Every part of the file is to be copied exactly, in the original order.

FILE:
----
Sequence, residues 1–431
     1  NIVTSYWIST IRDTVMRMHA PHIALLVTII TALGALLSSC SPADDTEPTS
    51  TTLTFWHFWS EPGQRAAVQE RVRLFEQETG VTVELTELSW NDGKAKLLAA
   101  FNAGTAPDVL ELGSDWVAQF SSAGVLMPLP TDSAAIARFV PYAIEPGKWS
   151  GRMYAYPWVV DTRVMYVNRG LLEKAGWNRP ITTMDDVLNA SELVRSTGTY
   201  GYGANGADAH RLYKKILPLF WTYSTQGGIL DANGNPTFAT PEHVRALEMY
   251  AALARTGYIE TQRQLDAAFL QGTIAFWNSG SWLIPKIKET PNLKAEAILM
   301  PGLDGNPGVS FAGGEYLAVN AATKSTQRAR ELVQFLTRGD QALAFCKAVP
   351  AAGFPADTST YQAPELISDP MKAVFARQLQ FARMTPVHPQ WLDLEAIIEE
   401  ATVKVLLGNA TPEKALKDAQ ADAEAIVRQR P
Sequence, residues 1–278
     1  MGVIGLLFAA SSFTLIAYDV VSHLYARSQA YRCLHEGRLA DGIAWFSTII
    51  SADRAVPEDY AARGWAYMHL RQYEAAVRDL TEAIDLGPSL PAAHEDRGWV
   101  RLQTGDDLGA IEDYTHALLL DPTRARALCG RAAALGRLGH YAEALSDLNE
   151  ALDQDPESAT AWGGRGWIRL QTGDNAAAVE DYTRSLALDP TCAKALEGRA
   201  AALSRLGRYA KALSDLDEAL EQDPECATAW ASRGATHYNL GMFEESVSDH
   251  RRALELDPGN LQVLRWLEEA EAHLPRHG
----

Sequence, residues 1–431
     1  NIVTSYWIST IRDTVMRMHA PHIALLVTII TALGALLSSC SPADDTEPTS
    51  TTLTFWHFWS EPGQRAAVQE RVRLFEQETG VTVELTELSW NDGKAKLLAA
   101  FNAGTAPDVL ELGSDWVAQF SSAGVLMPLP TDSAAIARFV PYAIEPGKWS
   151  GRMYAYPWVV DTRVMYVNRG LLEKAGWNRP ITTMDDVLNA SELVRSTGTY
   201  GYGANGADAH RLYKKILPLF WTYSTQGGIL DANGNPTFAT PEHVRALEMY
   251  AALARTGYIE TQRQLDAAFL QGTIAFWNSG SWLIPKIKET PNLKAEAILM
   301  PGLDGNPGVS FAGGEYLAVN AATKSTQRAR ELVQFLTRGD QALAFCKAVP
   351  AAGFPADTST YQAPELISDP MKAVFARQLQ FARMTPVHPQ WLDLEAIIEE
   401  ATVKVLLGNA TPEKALKDAQ ADAEAIVRQR P
Sequence, residues 1–278
     1  MGVIGLLFAA SSFTLIAYDV VSHLYARSQA YRCLHEGRLA DGIAWFSTII
    51  SADRAVPEDY AARGWAYMHL RQYEAAVRDL TEAIDLGPSL PAAHEDRGWV
   101  RLQTGDDLGA IEDYTHALLL DPTRARALCG RAAALGRLGH YAEALSDLNE
   151  ALDQDPESAT AWGGRGWIRL QTGDNAAAVE DYTRSLALDP TCAKALEGRA
   201  AALSRLGRYA KALSDLDEAL EQDPECATAW ASRGATHYNL GMFEESVSDH
   251  RRALELDPGN LQVLRWLEEA EAHLPRHG